- Director: Stephen S. Campanelli
- Writer: Dennis Foon; Richard Wagamese
- Producer: Paula Devonshire; Trish Dolman; Christine Haebler
Welll...the catholics [certainly] get a [well-deserved] bashing as they bash [both] the [mental and physical] living daylights out of everyone they righteously think they have the right to convert! These nuns just ain't nasty, these nuns are evil! Now, let them stand in a court of law and justify their stomach-churning malice...obviously, swearing on the bible as they do so! Let those retrospective convictions continue...until each and every [hypocritical] sinner is behind bars. And, not forgetting...where there's a priest...there's buggery!
This is a mighty subject...worthy of big budgets, big names and - quite possibly - more disposed to being a mini-series than an under-funded feature. Mr Campanelli does his [very] best with with what he had at hand...but, it's the scope of the story that presents problems, it spans decades. A small budget cannot handle such a sprawling time-frame.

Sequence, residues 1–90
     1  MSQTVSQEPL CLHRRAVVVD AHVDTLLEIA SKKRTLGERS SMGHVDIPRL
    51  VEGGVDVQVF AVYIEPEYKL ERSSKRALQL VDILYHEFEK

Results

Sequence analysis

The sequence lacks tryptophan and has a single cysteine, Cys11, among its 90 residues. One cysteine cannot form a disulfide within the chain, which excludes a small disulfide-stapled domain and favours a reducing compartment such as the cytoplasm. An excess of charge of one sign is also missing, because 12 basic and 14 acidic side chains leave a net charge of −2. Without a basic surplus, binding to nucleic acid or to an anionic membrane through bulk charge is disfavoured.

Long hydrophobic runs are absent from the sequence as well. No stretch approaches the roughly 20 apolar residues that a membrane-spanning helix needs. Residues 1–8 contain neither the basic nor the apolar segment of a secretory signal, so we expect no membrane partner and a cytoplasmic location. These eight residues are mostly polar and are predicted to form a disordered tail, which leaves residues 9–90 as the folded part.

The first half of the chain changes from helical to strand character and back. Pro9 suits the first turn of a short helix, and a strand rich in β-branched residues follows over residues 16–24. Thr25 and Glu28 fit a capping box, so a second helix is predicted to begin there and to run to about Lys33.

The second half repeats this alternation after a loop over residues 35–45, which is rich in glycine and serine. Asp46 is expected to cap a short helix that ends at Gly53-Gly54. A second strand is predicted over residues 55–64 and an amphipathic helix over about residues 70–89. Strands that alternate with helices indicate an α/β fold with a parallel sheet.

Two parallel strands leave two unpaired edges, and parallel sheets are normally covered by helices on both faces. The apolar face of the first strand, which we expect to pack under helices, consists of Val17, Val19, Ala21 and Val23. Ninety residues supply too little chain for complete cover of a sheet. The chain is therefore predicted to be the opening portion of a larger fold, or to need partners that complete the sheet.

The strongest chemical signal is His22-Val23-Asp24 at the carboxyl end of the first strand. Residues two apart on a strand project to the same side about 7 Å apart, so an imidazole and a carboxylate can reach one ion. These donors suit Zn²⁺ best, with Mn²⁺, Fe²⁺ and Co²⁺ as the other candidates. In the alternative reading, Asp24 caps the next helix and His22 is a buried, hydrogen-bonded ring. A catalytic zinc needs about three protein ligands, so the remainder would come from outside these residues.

By focusing on one section of Saul's life - obviously, the religious residential school [euphemistic for 'abusive pious prison'], the film would have been more manageable and effective. Voice-overs rarely work and, here, the are intrusive. It's a lazy way to tell a story. Still, it's a story that needs to be told and this is a valiant effort.
Forgive them, for they do not know what they are doing...they knew exactly what they were doing! Netflix should be sniffing all around this!
Follows the life of Canadian First Nations boy, Saul Indian Horse, as he survives residential school and life amongst the racism of the 1970s. A talented hockey player, Saul must find his own path as he battles sterotypes and alcoholism.